We're all resistant to change.  And it's no different when it comes to tillage practices on the farm.  Many growers are concerned about the effect on yield results.  Cornell Cooperative Extension will share the results from two Central New York farms using no-till.

While the practice can help cut operating costs with less trips across the field, it also lessens the impact of soil compaction.  But the hidden benefit that doesn't appear right away is improved soil health.

"Limiting tillage and planting cover crops can make significant positive changes in yield, sustainability and resiliency of fields under very different environmental conditions"

Inconsistent weather patterns the past few years have caused everything from massive gulleys in hillside fields in 2013 to last year's drought.  Limiting tillage allows soil structure to rebuild increasing infiltration of water into the soil rather than having the water pond on the surface or run off taking top soil from our fields.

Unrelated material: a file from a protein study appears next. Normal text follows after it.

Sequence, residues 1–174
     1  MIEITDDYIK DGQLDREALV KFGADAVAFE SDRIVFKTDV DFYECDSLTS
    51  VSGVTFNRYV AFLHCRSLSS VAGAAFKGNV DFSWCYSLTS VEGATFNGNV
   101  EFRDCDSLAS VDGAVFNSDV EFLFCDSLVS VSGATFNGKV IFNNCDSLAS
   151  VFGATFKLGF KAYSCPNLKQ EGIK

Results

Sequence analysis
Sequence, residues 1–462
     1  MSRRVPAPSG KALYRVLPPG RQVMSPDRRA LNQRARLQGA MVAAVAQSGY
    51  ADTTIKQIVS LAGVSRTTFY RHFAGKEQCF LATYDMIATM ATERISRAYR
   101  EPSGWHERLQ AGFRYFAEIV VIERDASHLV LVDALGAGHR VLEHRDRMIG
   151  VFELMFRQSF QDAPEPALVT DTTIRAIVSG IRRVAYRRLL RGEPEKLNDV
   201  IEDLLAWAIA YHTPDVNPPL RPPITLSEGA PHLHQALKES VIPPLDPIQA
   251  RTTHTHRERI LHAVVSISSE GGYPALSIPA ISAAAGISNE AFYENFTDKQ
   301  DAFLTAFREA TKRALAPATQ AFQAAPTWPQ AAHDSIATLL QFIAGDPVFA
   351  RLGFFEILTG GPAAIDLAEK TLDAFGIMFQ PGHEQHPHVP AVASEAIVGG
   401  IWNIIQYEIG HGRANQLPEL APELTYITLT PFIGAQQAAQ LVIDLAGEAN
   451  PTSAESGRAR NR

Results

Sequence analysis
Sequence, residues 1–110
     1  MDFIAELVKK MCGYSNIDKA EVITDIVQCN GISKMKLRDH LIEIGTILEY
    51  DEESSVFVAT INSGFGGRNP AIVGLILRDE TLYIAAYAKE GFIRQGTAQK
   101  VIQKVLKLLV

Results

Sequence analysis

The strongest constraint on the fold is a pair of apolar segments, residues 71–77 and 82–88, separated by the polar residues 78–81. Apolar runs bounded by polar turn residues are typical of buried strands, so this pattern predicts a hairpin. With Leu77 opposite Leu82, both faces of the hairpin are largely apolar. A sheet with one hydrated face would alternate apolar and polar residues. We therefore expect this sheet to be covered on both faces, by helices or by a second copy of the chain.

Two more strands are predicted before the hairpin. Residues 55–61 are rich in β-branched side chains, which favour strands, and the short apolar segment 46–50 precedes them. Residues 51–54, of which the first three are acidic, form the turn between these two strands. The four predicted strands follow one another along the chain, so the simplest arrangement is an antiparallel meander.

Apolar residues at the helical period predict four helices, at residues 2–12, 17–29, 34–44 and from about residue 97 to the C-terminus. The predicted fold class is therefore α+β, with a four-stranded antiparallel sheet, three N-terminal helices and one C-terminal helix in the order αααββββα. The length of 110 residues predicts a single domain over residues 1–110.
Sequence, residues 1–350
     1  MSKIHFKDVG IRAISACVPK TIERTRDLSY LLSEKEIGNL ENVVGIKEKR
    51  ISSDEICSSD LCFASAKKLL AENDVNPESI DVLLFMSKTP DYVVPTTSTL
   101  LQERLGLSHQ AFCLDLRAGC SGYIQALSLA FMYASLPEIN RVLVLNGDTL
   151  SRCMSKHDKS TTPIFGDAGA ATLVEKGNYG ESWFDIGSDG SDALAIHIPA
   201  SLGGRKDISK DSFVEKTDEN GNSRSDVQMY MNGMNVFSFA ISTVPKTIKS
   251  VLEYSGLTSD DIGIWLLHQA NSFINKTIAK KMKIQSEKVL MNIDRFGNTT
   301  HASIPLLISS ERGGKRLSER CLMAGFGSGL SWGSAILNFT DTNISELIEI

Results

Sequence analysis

No-till significantly reduces organic matter losses associated with tillage. Organic matter provides the ingredients for making the glue that helps hold soil particles together to help form structure that produces soil pores where oxygen and carbon dioxide are exchanged between the root zone and the atmosphere. The soil pores are a conduit for water to enter the soil profile reaching plant roots. Organic matter has the abilities of a sponge holding on to water that plants can use as soils dry. It also holds on to nutrients vital to plant growth and development.

CCE will present a No-till Workshop at their offices in Oriskany on February 16th from 12:30 to 2:30pm.  John Kimmermen, a dairy farmer from Chenango County and Sam Yoder a local dairy farmer from Ava will talk about their no-till practices and how their land has responded.  There's no charge for the workshop, but you do need to register.  Call Linda at 315-736-3394 extension 124 to reserve a spot.

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